Good news for Desperate Housewives

Last updated at 14:23 06 January 2005

American TV sensation Desperate Housewives became Channel 4's most popular drama launch since ER when it opened last night.

Nearly five million viewers tuned in to see the first episode of the show which has smashed ratings records in the US.

The show attracted a peak audience of 4.8 million - higher than the launches of Sex and the City or Friends.

Sex and the City had 3.4 million viewers for its opening episode on the channel, while Friends managed just 1.7 million.

It was second only to medical drama ER, which attracted five million viewers for its launch in 1995.

Channel 4 'delighted'

"We are delighted to start the year on such a high note," a Channel 4 spokeswoman said.

"Desperate Housewives has been warmly received by critics and audiences alike and confirms our reputation for continuing to bring the best of US drama and comedy to UK audiences."

Desperate Housewives features five impossibly glamorous women who live in picture-perfect suburbia.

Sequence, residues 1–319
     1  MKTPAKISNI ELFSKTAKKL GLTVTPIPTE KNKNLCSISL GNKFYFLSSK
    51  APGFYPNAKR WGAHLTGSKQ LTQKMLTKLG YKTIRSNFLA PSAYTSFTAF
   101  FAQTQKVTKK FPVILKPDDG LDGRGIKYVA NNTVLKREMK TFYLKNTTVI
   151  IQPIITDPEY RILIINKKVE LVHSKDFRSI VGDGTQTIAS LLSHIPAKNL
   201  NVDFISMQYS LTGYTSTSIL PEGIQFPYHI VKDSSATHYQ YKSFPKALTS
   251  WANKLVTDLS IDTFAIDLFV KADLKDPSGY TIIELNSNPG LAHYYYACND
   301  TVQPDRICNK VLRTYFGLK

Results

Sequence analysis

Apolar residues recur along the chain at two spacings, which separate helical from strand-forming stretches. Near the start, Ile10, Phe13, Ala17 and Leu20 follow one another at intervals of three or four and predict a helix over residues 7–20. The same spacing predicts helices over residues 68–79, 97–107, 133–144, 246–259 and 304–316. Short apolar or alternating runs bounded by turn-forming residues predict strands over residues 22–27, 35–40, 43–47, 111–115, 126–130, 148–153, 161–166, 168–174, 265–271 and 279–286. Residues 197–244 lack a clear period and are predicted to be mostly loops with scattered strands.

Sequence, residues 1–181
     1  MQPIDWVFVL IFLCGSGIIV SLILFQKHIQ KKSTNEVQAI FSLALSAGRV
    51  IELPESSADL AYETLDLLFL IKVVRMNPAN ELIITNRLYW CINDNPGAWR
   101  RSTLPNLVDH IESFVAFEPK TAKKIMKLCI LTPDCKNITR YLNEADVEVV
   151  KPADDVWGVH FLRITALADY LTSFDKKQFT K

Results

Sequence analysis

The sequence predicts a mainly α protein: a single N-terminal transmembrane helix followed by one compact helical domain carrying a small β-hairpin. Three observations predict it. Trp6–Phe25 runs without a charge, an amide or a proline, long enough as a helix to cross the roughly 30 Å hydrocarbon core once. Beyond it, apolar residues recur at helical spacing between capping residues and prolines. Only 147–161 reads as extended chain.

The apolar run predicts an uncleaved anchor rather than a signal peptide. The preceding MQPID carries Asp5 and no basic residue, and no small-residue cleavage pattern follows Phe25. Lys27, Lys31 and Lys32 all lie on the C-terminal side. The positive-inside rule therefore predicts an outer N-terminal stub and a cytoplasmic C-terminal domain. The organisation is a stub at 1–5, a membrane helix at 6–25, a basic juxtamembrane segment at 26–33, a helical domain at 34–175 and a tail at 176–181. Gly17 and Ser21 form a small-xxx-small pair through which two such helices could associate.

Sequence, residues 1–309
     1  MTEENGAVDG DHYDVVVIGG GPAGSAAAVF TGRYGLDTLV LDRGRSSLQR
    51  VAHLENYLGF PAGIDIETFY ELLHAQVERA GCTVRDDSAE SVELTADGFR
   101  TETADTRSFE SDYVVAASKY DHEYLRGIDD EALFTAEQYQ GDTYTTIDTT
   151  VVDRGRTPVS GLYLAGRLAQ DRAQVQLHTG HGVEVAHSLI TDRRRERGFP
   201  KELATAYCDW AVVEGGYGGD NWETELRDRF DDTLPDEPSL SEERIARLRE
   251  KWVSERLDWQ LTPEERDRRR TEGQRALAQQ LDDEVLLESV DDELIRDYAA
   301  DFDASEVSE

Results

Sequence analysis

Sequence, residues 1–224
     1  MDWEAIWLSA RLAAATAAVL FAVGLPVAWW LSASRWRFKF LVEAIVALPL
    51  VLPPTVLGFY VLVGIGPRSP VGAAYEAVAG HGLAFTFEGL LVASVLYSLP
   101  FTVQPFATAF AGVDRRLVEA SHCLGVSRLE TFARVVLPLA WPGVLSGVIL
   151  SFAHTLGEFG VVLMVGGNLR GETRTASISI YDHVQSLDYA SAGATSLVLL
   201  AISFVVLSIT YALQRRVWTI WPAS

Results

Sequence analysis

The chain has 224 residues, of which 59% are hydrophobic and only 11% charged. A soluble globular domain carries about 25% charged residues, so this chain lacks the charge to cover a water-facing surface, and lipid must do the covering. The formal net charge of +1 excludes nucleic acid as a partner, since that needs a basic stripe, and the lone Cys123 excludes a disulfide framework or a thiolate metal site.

Behind the glossy facade their lives are beset by insecurity and unhappiness.

The show began with housewife Mary Alice Young cooking breakfast for her family, loading the washing machine, polishing the furniture - then blowing her brains out with a gun.

The rest of the series is narrated by Mary Alice from beyond the grave.

Former Superman star Teri Hatcher plays a love-starved divorcee hoping to start an affair with her hunky new neighbour.

The other characters are a mother-of-four who loathes the fact she has given up her high-flying career, a feisty former model who has sex with the gardener behind her husband's back, a domestic goddess driving her family to distraction with her control freak ways, and a pneumatic man-eater on the hunt for her next conquest.

The show pulled in more than 20 million viewers when it aired in the US, filling the gap left by the end of Sex and the City.

But several major advertisers pulled out claiming the storylines were too racy and posed a threat to family values.

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